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Identifying factors that contribute to mental health difficulties in young people as early in life as possible are needed to inform prevention strategies. One area of interest is attachment. Although existing research has suggested an association between insecure attachment styles and mental health difficulties, these studies often have small sample sizes, use cross-sectional designs, and measure attachment as a discrete variable at a single point or use romantic relationship attachment as a proxy for childhood attachment. It is also unclear whether these associations persist into late adolescence. In this large prospective study we aimed to determine whether an insecure attachment style measured at repeated points in early childhood, is associated with depression and self-harm at 18 years.
We used data from the Avon Longitudinal Study of Parents and Children cohort. Mothers completed attachment related questionnaires when their child was 18, 30, and 42 months old. Offspring depression and lifetime self-harm was assessed at 18 years in clinic using the Clinical Interview Schedule-Revised. Attachment was derived as a continuous latent variable in a structural equation modelling framework. Logistic regression was performed on participants with complete attachment data (n = 7032) to examine the association between attachment style and depression and self-harm, with adjustment for potential confounders. Differential dropout was accounted for using multiple imputation.
We found some evidence for an association between a more insecure attachment style in childhood, and a diagnosis of depression and life-time self-harm at age 18. In the fully adjusted imputed model, a one standard deviation increase in insecure attachment was associated with a 13% increase in the odds of depression (OR = 1.13; 95%CI = 1.00 to 1.27) and a 14% increase in the odds of self-harm at age 18 (OR = 1.14; 95%CI = 1.02 to 1.25), for children who had more insecure attachment in early childhood, compared with children who had more secure attachment.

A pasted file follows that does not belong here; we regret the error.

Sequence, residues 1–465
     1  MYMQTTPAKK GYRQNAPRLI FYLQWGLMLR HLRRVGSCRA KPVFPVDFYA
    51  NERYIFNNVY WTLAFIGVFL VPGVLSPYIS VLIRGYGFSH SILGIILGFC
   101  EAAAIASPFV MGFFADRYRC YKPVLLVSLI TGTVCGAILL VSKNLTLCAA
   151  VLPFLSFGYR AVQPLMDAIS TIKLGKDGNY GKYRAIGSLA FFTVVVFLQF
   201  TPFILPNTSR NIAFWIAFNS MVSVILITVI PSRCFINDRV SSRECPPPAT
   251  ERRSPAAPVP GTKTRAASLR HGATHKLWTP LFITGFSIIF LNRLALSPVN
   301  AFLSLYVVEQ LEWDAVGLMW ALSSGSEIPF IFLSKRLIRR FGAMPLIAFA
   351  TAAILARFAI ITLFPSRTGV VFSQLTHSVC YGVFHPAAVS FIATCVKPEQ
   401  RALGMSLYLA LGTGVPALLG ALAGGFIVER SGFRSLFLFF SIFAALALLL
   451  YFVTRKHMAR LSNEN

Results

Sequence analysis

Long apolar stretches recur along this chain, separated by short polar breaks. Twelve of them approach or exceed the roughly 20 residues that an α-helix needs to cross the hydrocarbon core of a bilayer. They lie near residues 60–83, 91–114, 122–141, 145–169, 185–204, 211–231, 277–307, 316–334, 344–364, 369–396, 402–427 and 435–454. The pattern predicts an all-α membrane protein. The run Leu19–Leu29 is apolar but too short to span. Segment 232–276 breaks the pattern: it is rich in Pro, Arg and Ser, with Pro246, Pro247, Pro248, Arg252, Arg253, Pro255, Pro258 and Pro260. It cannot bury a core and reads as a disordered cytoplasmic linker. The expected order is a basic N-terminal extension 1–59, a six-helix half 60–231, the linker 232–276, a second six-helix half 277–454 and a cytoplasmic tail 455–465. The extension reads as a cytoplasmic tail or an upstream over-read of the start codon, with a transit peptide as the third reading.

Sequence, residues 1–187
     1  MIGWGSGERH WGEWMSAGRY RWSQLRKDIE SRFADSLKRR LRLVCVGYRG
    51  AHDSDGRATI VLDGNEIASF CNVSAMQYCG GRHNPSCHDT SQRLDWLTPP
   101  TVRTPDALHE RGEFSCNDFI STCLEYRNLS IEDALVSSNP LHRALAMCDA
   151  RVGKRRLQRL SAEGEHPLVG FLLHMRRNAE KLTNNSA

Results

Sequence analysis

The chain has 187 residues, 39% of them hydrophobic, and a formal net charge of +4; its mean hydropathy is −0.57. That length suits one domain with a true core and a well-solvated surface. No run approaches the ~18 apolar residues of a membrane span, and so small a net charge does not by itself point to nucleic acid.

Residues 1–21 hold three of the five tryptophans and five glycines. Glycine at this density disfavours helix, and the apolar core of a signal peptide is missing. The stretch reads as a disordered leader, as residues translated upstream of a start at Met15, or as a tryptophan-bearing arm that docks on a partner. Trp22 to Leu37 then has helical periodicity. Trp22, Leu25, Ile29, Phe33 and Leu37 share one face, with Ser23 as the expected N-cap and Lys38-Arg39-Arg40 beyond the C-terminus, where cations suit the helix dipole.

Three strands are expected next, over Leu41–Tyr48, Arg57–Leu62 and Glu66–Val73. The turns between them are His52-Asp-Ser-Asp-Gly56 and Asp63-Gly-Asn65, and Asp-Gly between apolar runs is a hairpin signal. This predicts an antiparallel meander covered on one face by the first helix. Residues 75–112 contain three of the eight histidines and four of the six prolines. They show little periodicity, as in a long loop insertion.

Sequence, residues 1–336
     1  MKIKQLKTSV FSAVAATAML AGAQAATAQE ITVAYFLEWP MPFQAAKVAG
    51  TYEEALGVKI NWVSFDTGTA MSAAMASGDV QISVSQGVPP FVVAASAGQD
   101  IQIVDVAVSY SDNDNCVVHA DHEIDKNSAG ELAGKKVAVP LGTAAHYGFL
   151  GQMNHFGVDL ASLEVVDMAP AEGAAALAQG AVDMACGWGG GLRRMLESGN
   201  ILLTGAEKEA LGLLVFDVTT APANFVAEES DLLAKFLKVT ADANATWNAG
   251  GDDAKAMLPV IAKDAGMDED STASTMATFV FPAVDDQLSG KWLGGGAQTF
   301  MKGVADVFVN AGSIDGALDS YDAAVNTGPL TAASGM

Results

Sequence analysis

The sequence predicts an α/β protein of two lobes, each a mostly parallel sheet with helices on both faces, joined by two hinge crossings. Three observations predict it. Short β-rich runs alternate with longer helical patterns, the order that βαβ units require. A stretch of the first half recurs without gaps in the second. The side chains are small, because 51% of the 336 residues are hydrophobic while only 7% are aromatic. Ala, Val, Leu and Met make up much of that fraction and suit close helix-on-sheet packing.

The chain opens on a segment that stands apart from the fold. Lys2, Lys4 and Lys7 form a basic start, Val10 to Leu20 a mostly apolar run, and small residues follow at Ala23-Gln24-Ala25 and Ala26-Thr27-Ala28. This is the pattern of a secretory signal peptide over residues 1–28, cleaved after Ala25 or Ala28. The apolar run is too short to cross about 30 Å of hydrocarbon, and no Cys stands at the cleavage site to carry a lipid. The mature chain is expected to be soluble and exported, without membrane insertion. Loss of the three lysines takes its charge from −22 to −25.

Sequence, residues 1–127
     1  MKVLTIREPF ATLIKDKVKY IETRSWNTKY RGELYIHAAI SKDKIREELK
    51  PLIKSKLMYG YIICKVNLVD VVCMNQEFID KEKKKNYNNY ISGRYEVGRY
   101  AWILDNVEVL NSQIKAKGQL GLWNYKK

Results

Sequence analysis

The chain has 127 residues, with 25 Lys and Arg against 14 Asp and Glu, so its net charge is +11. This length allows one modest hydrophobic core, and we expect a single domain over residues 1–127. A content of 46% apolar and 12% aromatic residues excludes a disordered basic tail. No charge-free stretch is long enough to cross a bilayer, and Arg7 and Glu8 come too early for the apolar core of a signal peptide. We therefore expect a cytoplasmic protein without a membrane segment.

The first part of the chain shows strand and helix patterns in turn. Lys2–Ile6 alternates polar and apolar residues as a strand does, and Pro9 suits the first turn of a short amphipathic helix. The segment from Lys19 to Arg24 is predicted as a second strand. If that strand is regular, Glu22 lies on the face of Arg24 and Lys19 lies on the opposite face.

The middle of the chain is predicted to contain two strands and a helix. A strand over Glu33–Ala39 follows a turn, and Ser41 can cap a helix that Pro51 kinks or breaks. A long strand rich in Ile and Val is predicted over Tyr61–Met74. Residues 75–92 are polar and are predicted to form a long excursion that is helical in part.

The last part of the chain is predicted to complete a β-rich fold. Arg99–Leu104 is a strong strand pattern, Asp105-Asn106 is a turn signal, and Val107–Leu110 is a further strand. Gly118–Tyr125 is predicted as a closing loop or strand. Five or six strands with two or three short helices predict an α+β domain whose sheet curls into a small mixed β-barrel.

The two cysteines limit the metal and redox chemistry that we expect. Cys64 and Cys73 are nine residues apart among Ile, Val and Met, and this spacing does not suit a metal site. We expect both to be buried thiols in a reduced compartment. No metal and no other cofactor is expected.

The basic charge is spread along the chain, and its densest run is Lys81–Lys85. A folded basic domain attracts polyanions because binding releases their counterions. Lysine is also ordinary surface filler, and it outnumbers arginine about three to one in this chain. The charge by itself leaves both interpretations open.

This is the largest longitudinal study to examine the prospective association between childhood attachment and depression and self-harm in late adolescence. Our findings strengthen the evidence suggesting that a childhood insecure attachment style is associated with mental health difficulties in late adolescence. Policies and interventions to support parenting behaviours that foster the development of secure attachment styles, or attachment-based therapies to improve attachment quality, could help reduce depression and self-harm in adolescence/young adulthood.
Philippa Clery is supported by the Elizabeth Blackwell Institute for Health Research at the University of Bristol and the Wellcome Trust Institutional Strategic Support Fund.
Low resting heart rate (RHR) is a consistent biological correlate of antisocial behaviour (ASB), however potential mechanisms have been largely unexplored. We hypothesise that lower RHR will be associated with higher ASB levels in mid-adolescence and persistence into adulthood, and that these associations will be explained, in part, by sensation seeking and callous-unemotional traits.